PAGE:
A contingent of Ohio Northern University alumni and friends braved hurricane-force winds in the land of ice and fire during a seven-day trip to Iceland in February. The trip, which was part of the University’s sesquicentennial celebration, centered on viewing the Aurora Borealis, better known as the Northern Lights. ONU has certainly drawn inspiration from all things boreal throughout our history, from our very name to the Aurora literary journal, the Northern Lights Café and the Tundra, to name a but a few, so this trip held a deep connection to Northern’s figurative existence.
In the literal sense, Iceland lived up to its billing as a land of extremes. A fierce winter storm unleashed high winds and 2.5 feet of snow on the determined band of Polar Bears, which may have affected the itinerary, but not the spirit of the travelers.
“The weather wasn’t ideal, but it made the trip even more of an adventure,” says Sheri Stoltenberg BA ’81. “At one point we calculated the winds to be 138 miles per hour. I’d never experienced anything like it before, although I like to think my time on the Tundra as an ONU student prepared me at least a little bit. But we got to see the Northern Lights, and people don’t always get to see them even with perfect weather.”
The group spent a great deal of time in Iceland’s capital city, Reykjavík, exploring everything they could. They toured Hallgrímskirkja Church, Harpa Concert Hall, the Perlan ice cave, and saw the Statue of Leif Eriksson, the Solfarid Sun Voyager Sculpture and Skólavörðustígur Street, also known as Rainbow Street. Excursions out of Reykjavik included Sólheimajökull, Jokulsarlon Glacier and Diamond Beach, Skógafoss Waterfall, Skógar Folk Museum and Reynisfjara Beach.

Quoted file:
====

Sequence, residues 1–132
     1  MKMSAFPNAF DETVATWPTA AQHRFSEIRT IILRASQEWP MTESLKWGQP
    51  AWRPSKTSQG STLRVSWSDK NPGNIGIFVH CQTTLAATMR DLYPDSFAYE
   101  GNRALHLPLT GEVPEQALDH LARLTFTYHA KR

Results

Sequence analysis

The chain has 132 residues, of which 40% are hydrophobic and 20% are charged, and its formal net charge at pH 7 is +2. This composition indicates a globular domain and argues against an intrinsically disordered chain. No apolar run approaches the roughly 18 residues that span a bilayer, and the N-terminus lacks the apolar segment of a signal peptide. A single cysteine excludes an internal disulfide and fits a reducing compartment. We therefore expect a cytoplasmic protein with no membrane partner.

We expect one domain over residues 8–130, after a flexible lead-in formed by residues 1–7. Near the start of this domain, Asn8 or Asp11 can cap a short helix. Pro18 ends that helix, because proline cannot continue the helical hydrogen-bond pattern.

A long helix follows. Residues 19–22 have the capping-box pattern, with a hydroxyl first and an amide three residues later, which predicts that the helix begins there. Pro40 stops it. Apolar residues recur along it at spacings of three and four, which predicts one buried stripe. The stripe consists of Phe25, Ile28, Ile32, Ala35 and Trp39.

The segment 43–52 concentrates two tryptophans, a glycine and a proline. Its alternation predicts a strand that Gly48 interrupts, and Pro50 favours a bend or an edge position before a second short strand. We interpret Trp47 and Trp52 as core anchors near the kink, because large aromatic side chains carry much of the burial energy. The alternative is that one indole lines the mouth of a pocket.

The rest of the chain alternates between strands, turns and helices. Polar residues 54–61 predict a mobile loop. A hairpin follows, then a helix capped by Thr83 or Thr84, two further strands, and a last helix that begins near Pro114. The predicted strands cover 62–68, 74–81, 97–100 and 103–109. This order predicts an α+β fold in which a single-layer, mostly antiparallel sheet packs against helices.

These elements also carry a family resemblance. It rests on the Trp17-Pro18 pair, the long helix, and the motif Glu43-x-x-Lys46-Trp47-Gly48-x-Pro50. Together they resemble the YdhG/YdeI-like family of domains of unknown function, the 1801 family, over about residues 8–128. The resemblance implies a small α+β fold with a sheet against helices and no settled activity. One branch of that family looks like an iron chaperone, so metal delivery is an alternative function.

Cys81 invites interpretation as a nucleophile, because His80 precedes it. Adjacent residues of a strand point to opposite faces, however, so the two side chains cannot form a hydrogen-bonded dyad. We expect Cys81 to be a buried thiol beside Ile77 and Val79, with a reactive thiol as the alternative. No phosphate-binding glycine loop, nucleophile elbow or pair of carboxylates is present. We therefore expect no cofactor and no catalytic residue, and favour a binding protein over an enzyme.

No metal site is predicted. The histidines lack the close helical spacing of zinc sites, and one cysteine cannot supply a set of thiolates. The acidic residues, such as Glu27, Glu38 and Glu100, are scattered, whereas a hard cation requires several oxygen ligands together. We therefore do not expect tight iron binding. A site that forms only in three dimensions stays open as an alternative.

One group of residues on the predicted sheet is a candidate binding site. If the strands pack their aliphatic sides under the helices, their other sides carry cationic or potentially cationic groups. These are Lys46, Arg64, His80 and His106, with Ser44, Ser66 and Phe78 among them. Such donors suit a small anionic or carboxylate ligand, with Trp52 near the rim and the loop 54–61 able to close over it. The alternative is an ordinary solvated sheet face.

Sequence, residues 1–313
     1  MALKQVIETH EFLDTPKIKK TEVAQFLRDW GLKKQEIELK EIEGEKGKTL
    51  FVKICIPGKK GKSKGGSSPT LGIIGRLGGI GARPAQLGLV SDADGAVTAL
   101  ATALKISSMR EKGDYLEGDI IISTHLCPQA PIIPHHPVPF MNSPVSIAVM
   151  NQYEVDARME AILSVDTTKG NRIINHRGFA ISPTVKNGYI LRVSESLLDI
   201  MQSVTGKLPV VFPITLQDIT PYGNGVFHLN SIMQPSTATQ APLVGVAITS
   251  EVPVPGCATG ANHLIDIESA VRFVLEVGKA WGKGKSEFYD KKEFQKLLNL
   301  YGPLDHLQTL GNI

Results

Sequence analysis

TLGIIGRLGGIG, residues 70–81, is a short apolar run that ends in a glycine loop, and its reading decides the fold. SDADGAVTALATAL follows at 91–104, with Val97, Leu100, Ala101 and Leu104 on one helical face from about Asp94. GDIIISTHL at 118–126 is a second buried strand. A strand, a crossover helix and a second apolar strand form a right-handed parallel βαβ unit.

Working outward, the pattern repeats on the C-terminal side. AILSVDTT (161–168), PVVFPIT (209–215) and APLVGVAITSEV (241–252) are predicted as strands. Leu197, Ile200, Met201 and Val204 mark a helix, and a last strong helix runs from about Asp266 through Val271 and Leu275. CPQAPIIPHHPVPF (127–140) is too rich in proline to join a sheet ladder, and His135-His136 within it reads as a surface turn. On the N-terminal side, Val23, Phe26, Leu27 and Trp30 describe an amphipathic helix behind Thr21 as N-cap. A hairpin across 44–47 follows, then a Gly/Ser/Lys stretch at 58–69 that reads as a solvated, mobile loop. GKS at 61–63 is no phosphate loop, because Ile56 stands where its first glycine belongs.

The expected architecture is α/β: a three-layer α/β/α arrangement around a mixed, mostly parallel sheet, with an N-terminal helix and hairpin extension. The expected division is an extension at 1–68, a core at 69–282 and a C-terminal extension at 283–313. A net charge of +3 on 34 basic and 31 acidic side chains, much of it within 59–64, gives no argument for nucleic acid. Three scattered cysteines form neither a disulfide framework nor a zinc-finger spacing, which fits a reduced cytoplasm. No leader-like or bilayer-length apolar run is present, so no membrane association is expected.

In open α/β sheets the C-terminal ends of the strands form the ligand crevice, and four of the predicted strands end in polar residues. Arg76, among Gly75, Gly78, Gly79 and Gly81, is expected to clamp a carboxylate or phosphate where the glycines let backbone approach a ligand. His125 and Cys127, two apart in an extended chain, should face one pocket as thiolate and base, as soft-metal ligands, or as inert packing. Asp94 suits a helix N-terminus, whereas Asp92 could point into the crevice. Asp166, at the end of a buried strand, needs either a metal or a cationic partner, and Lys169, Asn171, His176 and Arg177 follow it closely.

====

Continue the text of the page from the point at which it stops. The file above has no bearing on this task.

But the undisputed highlight of the trip was the Wednesday evening when the group witnessed the Northern Lights shimmering in the arctic sky. ONU actually chose to visit Iceland in the winter because the Northern Lights are at their most vibrant in the winter months.
“Our group danced to Icelandic music to get the Aurora Borealis to dance with us and she did!” says Barb Meek, BA ’90. “It was magical.”
The sights, sounds, smells and even tastes (fermented shark, anyone?) won’t soon be forgotten by the travelers, and nor will the friendships they made along the way. The group, which spanned generations of ONU Polar Bears, had a motto for the week: “You have to be fun to have fun,” and they made sure they did.
Stoltenberg hopes that more ONU alumni and friends trips might be considered in the future, both abroad and domestically. “It was such a fun experience, so educational—I learned more about volcanoes than I thought possible—and such a wonderful way to bring alumni together around our shared love of Ohio Northern and new experiences. I would love to see more of them.”
As for Meek, she’s on board with a return to Iceland, with one condition.
“Iceland is beautiful and it’s like a chameleon—it changes by the day. I will visit again,” she says, “but next time in the summer.”